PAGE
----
Academic journal article Journal of Invitational Theory and Practice

Merging Invitational Theory with Mathematics Education: A Workshop for Teachers

Academic journal article Journal of Invitational Theory and Practice

Merging Invitational Theory with Mathematics Education: A Workshop for Teachers

Article excerpt

Two faculty members in the department of mathematical sciences at a four-year university, with teacher-education experience, presented a workshop for in-service elementary and middle-school teachers. The intention was to address affective aspects of teaching including: teacher efficacy, learning styles, cognitive dissonance, relaxation, and beliefs as they influence behavior in order to motivate reflection and change. The goal of the workshop was to enhance the professional and personal development of the participants. The outline and implementation of the workshop were consistent with major tenets of Invitational Theory and with NCTM's 2000 Principles and Standards for School Mathematics. The intent of this paper is to suggest that educators reflect upon the teacher education program at their university and offer similar workshops.

Introduction

When it comes to mathematics, it seems to be a societal belief that some people "have it" and some people don't. Ask, at any social gathering, "Has anyone here:

* been embarrassed in math class and, as a result, given up?

* studied hard for a math test and failed with little hope for doing better?

* asked a question in math class and not understood the answer?"

If any of the above have ever happened to you, then you're considered to be a "have not." Socially, mathematics weakness is frequently joked about; but professionally, it is taken seriously. Professionally, teachers are not encouraged to speak up about these past experiences because it may demonstrate weakness. The authors of this piece offered a workshop in which the atmosphere encouraged K-8 teachers to feel welcomed and free to speak up. The workshop title was "Becoming a more powerful teacher: How to think, teach and believe in yourself". The underlying theme, based in cognitive restructuring (Kitchens & Hollar, in press; Meichenbaum, 1977) and perceptual psychology (Combs, Richards & Richards, 1976; Purkey & Schmidt, 1996), is consistent with the writings of many scholars who argue that life experiences are at the formation of beliefs that, in turn, dictate behavior (Bandura, 1986; Combs, 1982, Kitchens, 1995; Knowles, 2004; McEntire & Kitchens, 1984; Meichenbaum, 1977; Pajares, 1994). The topics of discussion included: the effects of beliefs on behavior, learning styles (an often-overlooked factor in mathematics difficulty), teacher efficacy, cognitive dissonance, guided imagery, and relaxation as applied to the personal reflection and self-development related to the participants' teaching. Activities included: an activity to demonstrate learning-style differences, solving challenging mathematics problems chosen to create anxiety, and a guided imagery exercise preceded by muscle-relaxation.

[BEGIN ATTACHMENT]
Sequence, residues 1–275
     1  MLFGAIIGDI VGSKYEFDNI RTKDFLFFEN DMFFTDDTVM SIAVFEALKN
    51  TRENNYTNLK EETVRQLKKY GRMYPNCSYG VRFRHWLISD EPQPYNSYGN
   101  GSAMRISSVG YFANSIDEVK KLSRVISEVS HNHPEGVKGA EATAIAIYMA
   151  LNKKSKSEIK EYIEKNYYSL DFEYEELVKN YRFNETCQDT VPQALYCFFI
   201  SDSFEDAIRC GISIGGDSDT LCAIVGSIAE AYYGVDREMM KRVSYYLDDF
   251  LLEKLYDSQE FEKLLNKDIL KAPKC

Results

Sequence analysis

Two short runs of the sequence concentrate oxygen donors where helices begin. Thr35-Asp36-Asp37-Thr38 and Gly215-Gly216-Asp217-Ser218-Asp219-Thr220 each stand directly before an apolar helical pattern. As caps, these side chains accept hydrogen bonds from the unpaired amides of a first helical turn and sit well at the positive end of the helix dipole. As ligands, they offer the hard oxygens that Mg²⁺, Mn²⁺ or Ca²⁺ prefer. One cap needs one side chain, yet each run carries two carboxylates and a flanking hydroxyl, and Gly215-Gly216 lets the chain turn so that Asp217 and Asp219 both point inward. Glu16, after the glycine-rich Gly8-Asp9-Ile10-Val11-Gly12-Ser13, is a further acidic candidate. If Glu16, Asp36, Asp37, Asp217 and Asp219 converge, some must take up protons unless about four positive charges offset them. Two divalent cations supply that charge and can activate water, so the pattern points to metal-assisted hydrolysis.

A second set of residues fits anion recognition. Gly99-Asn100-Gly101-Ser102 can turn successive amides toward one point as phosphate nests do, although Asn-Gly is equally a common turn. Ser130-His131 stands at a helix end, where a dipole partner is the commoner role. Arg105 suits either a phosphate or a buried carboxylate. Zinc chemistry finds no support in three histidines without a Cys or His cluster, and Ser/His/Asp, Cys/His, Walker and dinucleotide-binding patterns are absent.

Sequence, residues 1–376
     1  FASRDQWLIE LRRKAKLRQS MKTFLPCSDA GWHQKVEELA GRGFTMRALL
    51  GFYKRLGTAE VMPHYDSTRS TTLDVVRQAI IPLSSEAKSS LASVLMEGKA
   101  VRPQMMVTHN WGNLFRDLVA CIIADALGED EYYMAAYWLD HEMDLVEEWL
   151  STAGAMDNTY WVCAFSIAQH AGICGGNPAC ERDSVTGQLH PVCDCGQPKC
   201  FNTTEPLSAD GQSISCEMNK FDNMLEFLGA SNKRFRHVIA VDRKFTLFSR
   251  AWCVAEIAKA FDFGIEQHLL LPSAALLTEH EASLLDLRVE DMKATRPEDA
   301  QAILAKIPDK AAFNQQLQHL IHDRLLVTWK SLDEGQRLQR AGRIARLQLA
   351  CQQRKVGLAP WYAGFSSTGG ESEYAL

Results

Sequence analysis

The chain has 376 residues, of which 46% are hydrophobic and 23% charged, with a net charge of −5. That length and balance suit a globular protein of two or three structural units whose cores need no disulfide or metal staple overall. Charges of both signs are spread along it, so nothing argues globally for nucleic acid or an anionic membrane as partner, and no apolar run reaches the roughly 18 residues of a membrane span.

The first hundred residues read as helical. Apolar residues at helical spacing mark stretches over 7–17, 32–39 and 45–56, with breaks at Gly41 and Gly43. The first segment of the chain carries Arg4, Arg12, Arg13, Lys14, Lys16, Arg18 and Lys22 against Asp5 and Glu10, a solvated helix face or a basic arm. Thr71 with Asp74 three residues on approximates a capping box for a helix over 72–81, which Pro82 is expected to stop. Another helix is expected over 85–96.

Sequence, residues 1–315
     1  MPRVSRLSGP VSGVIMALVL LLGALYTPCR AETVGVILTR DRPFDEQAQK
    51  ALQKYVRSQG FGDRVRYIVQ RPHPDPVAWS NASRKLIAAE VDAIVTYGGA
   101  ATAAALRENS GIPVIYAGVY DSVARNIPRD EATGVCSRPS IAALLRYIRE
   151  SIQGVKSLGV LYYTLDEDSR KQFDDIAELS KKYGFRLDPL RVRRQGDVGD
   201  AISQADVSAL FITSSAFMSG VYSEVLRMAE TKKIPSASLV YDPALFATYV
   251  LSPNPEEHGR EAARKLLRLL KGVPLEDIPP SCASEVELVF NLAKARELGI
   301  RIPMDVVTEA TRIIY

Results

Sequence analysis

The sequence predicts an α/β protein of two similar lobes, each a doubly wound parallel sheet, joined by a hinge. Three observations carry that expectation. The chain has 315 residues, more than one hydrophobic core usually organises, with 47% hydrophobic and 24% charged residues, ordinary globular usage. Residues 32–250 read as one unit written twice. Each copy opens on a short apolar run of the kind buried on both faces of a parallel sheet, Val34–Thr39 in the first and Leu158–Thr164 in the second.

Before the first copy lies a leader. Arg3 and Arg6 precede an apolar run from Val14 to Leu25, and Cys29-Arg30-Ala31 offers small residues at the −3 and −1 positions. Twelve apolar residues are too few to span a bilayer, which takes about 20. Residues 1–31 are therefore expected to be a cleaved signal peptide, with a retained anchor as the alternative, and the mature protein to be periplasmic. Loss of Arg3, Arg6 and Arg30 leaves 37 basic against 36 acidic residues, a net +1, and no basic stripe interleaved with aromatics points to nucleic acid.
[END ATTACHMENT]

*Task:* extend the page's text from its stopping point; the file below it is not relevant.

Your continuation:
The intentions of this paper include the following: to demonstrate that the workshop aligned with four dimensions and four assumptions in Purkey's foundation article on invitational theory (1992); to confirm that the ideals of the workshop were in agreement with those presented by the National Council for Teachers of Mathematics (NCTM) in the 2000 Principles and Standards for School Mathematics (the Standards); and to propose a refined version of the workshop for in-service K-8 teachers that gives support for the application of invitational theory to the teaching of mathematics and to the professional development of teachers.

The Underlying Model and Theme of the Workshop

The underlying workshop theme was to make the participants more aware of the effect of their beliefs on behaviors and on their feelings of self-efficacy as teachers. The three components--experiences, beliefs, and behaviors--drive a syndrome that can be a success syndrome or a failure syndrome. The syndrome involves an acquired belief, affirmed as a result of a past experience, that dictates a resulting behavior. Then the behavior becomes another experience reinforcing the learned belief and generates a reinforced behavior: thus the syndrome. …

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